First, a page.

Do you ever store files alongside your Python files, and want to read them from within a running Python script?
import works great on Python modules and packages, but
import will not work on non-Python data files, such as text files (including JSON, HTML, csv, etc.) or binary files (such as images).
You could hack something together with the
__file__ variable, which refers to the current Python module as a file in the filesystem. And many developers do this.
importlib.resources exists, since Python 3.7, and presents a more reliable and better-looking way to load data files.
poetry new --src hello cd hello poetry install
src/hello, we can create two files,
"""Tools for greeting others.""" import importlib.resources def greet(recipient): """Greet a recipient.""" template = importlib.resources.read_text("hello", "greeting.txt") return template.format(recipient=recipient)
Now, you can launch a python console with
poetry run python, and try the following:
>>> from hello import greet >>> greet.greet("World") 'Hello, World!\n' >>> greet.greet("Universe") 'Hello, Universe!\n' >>>
Note the call to
importlib.resources.read_text(). This is what reads the contents of the file specified. There are other goodies available, such as
importlib.resources.read_binary(). See the
importlib.resources docs for further explanation and examples.
Of course, this also works:
import pathlib def greet2(recipient): """Greet a recipient, hackily.""" template = pathlib.Path(__file__).parent.joinpath("greeting.txt").read_text() return template.format(recipient=recipient)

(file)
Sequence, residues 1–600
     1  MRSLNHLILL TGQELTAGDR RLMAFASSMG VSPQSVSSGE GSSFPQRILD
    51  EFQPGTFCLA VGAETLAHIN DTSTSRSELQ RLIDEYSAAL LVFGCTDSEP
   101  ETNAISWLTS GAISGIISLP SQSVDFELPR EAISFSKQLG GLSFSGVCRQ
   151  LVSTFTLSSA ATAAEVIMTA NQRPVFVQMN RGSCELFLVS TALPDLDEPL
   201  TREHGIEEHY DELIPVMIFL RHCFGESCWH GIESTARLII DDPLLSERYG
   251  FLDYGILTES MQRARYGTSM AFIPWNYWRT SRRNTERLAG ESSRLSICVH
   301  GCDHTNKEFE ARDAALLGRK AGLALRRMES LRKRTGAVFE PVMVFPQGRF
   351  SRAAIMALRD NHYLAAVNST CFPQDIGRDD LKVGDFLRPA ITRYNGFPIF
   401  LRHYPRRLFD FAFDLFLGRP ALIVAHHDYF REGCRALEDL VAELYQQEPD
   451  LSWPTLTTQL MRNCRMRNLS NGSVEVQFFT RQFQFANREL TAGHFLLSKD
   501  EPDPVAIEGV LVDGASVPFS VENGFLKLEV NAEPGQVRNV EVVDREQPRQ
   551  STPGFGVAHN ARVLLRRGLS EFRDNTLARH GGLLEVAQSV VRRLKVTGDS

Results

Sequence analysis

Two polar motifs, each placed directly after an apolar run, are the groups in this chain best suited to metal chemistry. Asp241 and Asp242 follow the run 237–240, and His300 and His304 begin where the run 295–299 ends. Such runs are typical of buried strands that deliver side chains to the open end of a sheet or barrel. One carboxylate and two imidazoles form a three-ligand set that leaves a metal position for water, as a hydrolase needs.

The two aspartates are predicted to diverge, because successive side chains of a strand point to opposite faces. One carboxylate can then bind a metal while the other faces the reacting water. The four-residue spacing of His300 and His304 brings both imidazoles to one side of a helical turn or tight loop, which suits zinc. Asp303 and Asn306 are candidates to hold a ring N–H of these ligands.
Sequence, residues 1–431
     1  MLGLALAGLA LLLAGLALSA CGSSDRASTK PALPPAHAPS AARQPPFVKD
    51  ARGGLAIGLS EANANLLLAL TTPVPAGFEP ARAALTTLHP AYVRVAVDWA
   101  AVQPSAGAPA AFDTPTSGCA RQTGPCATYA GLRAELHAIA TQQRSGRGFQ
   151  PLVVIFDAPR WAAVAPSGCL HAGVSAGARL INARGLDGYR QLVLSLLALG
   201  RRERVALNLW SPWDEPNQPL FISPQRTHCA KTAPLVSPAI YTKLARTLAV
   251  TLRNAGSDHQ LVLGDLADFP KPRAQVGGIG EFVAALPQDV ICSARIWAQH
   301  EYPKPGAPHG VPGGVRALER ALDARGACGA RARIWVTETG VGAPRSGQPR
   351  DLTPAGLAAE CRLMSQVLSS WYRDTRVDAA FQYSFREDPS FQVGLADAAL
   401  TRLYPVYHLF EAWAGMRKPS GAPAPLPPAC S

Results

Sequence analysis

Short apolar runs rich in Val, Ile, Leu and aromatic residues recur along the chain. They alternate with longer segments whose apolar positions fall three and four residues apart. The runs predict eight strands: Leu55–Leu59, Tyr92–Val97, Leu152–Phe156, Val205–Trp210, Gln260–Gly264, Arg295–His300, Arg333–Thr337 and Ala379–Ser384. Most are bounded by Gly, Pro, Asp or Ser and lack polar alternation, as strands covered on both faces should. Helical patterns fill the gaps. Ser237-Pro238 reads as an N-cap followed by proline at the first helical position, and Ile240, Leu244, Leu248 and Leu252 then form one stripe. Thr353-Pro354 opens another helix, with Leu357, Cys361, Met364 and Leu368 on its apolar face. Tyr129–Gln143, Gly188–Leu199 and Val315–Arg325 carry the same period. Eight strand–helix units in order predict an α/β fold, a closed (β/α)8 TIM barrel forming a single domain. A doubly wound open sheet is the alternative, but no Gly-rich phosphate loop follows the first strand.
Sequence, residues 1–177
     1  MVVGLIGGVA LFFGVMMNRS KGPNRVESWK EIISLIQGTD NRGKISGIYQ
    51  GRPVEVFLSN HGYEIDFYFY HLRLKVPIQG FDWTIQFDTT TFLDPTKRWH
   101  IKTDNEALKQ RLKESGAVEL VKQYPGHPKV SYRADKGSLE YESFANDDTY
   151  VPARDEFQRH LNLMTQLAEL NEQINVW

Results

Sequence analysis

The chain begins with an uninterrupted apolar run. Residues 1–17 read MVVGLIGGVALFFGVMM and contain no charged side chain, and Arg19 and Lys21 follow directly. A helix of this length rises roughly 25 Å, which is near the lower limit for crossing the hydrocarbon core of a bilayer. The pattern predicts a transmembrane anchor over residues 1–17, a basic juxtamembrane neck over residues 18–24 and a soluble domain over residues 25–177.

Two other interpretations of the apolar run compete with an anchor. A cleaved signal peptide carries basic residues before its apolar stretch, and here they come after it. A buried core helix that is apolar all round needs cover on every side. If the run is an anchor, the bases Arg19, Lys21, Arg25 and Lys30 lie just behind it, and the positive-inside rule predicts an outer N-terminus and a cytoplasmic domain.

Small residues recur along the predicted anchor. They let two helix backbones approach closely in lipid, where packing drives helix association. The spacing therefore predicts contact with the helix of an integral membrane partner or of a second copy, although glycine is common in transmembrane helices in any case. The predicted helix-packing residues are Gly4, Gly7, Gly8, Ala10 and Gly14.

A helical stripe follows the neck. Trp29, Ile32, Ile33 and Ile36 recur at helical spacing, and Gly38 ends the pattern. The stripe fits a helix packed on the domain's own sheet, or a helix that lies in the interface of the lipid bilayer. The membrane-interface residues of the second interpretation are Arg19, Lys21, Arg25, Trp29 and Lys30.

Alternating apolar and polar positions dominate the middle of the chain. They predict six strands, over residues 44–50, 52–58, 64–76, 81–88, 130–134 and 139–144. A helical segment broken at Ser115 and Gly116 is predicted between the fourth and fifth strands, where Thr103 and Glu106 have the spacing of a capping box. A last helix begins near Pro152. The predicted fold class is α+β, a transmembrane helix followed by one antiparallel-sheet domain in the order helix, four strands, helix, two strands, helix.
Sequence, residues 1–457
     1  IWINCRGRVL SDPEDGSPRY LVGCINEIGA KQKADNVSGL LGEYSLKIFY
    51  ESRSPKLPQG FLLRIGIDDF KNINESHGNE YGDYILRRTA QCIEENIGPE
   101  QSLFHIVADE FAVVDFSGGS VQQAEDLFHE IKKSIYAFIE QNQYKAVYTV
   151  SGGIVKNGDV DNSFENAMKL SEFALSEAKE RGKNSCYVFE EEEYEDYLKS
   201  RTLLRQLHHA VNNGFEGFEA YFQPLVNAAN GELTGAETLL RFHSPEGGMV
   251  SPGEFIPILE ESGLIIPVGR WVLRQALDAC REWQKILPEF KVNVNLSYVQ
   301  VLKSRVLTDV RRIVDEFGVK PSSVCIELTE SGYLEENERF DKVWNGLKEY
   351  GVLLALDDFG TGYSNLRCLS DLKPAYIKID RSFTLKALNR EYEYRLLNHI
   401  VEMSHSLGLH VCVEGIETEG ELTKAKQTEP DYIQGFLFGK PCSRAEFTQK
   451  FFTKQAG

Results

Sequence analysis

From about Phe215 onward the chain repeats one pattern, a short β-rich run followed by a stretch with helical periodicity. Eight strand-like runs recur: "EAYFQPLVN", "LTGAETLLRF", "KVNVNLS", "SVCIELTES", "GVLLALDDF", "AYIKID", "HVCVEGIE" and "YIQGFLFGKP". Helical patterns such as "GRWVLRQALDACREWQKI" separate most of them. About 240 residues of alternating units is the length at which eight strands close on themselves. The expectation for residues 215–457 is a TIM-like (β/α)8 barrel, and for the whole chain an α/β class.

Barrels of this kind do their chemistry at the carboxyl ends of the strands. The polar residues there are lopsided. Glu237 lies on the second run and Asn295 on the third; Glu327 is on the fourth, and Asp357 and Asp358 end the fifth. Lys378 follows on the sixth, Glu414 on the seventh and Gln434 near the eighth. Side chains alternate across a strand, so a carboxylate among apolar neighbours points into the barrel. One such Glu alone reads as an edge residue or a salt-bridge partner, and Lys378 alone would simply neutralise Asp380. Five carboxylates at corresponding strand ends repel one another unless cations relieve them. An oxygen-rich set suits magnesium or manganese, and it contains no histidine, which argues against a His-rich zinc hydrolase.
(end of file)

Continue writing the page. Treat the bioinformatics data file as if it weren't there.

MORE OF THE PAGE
There is no shame in this implementation, but it just feels a bit more hacky, using a dunder (double underscore) variable, getting the parent directory, etc. Not a big deal though.
What is a big deal is that Python packages can be bundled together in different ways. One of these ways is in a zip file. The file reference will not work properly in such a zip file, while the
importlib.resources will work fine.
importlib.resources makes convenient use of the import path. Let Python find the package and file in question; no need to work out the paths relative to file when you are loading data from files that are located in other packages. In other words, if you can
import hello then you can
importlib.resources.read_text("hello"...) no matter what script or module you are currently running.
There is one clever hack I should still mention. The line in
greet() could be written:
template = importlib.resources.read_text(__package__, "greeting.txt")
The difference is that instead of naming the package explicitly with "hello", we use the dunder variable
__package__ that returns the name of the existing package.
This, of course, only works if you are attempting to load resources from the same package that contains the call to
importlib.resources. If you move the function to a different package, it will fail.
So, while not recommended (explicit is better than implicit), at least you are aware of this option.
Want to use
importlib.resources with older versions of Python, such as 3.5 or 3.6?
importlib_resources package exists.
poetry add importlib-resources or
pip install importlib-resources then use
importlib_resources in place of any
importlib.resources in this article's examples.
As you design your modules and packages, you may find it helpful to read my brief intro to package/module structure in Python.